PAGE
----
Look, I’m all for what’s best for the game. The game is what it is, I don’t think any coach should determine, just like when they went to Philadelphia in the NFL and they were going so fast, the officials said, ‘We control the pace of the game.’ The league said, ‘The officials control the pace of the game, not a coach.’ So, I’m just saying what’s best for the game. That’s what Nick Saban is for.”

Q: The officials controlling the pace of the game, is that something you’d like to see instituted in the college level?

Saban: “They spent a lot of money in the NFL figuring out what’s best for the game and what’s best for the players and they have a lot invested in it and I think sometimes we don’t need to do all the things that they do but I think in some situations the officials controlling the pace of the game in that league has, I think, benefited the players and I would like to see the officials be able to control the pace of the game. I think the officials control the pace of the game in all games, but they don’t in college football.”

Bauer, Giant WRs highlight Missouri’s National Signing Day class

There’s a band out there called ‘They Might Be Giants’. Have a listen. You’re never going to keep them down.

We know that they’ve been around longer than Missouri’s wide receiving class….but the guys that Gary Pinkel’s recruited might be giants, too.

Only one of the SIX wide receivers who decided to come to Columbia is play for Pinkel is under 6ft…and he’s 5 ft 10. Four-star receiver DeSean Blair – the pick of the bunch (who actually committed to Louisville before deciding he wanted to play in the SEC– is 6 ft 4, while Dorial Green-Beckham’s brother, Darnell, is 6 ft 5 (Important question: What does Mrs Green-Beckham feed her kids, and could we have some?).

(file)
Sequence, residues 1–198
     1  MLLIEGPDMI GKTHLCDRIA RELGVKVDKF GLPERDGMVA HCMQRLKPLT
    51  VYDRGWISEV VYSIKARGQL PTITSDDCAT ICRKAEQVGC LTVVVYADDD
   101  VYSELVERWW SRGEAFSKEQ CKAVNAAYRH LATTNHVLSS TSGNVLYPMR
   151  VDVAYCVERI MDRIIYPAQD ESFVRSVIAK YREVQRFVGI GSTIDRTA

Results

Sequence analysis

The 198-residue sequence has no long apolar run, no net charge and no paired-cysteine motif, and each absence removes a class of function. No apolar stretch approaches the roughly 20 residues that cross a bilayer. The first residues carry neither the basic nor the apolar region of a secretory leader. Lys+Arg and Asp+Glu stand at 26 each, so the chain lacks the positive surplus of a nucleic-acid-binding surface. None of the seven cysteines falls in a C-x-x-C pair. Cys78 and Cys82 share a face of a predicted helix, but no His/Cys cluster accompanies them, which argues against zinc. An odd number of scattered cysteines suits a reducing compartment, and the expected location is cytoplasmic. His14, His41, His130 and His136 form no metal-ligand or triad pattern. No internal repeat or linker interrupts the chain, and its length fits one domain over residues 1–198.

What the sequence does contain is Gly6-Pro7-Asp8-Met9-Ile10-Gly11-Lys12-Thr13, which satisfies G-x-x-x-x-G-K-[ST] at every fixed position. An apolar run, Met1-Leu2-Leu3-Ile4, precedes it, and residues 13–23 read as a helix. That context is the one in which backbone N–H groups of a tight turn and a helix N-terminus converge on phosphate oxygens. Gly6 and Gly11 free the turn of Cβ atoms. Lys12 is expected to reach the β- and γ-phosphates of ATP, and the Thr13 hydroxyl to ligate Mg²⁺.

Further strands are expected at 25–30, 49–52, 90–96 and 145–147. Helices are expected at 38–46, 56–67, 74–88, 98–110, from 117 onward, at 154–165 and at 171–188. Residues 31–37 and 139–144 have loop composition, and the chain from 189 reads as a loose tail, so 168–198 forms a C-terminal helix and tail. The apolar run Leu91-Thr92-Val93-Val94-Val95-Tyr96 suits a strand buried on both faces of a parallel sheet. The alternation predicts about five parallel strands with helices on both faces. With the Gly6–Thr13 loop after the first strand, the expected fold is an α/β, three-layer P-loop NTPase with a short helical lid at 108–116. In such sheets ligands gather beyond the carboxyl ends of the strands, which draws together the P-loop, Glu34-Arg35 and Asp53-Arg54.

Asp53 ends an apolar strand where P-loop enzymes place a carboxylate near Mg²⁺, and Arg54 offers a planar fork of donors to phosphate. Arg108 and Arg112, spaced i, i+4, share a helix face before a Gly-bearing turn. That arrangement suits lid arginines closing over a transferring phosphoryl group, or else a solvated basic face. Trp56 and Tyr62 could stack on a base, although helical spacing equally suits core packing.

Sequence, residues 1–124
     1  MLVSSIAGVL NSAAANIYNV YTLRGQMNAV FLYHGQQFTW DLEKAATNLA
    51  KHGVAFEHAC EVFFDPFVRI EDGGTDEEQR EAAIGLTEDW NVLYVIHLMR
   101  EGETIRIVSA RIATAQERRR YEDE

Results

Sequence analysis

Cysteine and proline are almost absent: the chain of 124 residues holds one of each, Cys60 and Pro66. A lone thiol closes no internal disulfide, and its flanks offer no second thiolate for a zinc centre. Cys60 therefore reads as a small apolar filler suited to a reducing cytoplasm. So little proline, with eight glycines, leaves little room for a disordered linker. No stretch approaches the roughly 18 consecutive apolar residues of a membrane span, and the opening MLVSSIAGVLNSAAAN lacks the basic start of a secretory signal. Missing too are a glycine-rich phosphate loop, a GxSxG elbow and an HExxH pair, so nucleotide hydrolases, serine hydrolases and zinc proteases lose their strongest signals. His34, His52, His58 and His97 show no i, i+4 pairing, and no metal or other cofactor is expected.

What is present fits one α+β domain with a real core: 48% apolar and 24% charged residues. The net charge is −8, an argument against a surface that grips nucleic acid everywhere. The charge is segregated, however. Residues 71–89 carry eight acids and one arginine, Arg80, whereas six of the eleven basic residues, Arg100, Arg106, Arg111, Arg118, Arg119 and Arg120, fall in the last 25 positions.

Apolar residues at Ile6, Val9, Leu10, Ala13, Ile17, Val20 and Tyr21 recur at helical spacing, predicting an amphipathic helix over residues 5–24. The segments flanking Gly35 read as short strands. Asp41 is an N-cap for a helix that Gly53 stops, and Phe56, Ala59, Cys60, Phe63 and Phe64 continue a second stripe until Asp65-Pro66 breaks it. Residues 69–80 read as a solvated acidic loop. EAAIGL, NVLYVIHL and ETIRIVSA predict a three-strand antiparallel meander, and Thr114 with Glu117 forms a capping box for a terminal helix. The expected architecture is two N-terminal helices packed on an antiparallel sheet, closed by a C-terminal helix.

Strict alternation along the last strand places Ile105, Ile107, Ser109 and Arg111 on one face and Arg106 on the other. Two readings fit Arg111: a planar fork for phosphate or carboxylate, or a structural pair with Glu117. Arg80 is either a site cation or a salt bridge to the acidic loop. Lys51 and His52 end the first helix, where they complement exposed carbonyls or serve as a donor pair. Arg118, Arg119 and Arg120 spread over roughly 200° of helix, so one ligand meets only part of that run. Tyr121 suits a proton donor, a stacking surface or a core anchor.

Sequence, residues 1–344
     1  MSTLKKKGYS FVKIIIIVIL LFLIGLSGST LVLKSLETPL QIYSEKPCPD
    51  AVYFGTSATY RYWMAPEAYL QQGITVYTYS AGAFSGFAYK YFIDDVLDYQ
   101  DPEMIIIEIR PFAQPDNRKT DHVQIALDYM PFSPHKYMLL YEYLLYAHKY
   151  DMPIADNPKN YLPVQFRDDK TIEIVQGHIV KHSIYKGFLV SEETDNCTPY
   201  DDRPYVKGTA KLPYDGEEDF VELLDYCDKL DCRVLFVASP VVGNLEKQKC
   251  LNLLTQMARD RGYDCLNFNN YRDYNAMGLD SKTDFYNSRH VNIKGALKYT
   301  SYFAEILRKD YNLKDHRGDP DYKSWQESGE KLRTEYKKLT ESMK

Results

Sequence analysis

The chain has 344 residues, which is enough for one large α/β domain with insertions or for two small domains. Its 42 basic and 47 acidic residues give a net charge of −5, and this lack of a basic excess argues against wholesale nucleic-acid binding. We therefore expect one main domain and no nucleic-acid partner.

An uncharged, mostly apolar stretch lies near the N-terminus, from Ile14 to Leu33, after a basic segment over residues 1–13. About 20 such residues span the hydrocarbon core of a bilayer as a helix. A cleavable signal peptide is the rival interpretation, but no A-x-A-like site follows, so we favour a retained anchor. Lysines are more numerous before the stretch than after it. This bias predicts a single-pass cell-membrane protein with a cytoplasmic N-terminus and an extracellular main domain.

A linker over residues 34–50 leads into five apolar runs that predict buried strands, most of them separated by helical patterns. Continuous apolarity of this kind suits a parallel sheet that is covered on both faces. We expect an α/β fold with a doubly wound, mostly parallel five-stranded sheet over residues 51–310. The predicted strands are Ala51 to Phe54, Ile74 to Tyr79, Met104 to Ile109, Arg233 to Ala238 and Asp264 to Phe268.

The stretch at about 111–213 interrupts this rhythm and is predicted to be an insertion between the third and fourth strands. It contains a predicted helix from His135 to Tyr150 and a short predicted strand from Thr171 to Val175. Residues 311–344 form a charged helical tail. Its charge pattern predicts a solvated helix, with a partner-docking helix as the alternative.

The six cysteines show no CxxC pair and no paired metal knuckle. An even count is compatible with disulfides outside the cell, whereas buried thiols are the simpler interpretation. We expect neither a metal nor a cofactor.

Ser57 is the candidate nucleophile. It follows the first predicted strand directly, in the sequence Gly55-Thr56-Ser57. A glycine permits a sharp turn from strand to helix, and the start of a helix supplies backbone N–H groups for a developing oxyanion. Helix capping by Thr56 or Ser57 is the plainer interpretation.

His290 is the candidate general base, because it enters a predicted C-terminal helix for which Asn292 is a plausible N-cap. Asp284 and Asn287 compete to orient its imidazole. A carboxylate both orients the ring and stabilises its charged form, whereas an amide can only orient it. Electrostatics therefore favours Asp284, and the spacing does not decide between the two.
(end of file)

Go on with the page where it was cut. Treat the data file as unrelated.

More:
Missouri fans are definitely excited about OL Andy Bauer, who de-committed from Ole Miss to come play for Pinkel. Bauer’s from St Louis, so it was hardly the country’s most surprising decisions. Bauer, who was recruited by everybody, was described as the ‘gem of the 2014 recruiting class’.  And the gem could start as early as this season. Whatever happens, Bauer should shore up the offensive line for QB Maty Mauk, who’s one of a handful of sure-fire SEC QB starters who’ll get reps this Spring.

Missouri was 39th in the 24-7 rankings, and 33rd with ESPN.

 

 

Florida QB Murphy to transfer

Back-up Florida Gators quarterback Tyler Murphy is to transfer despite starting seven games in the place of injured starter Jeff Driskel last season.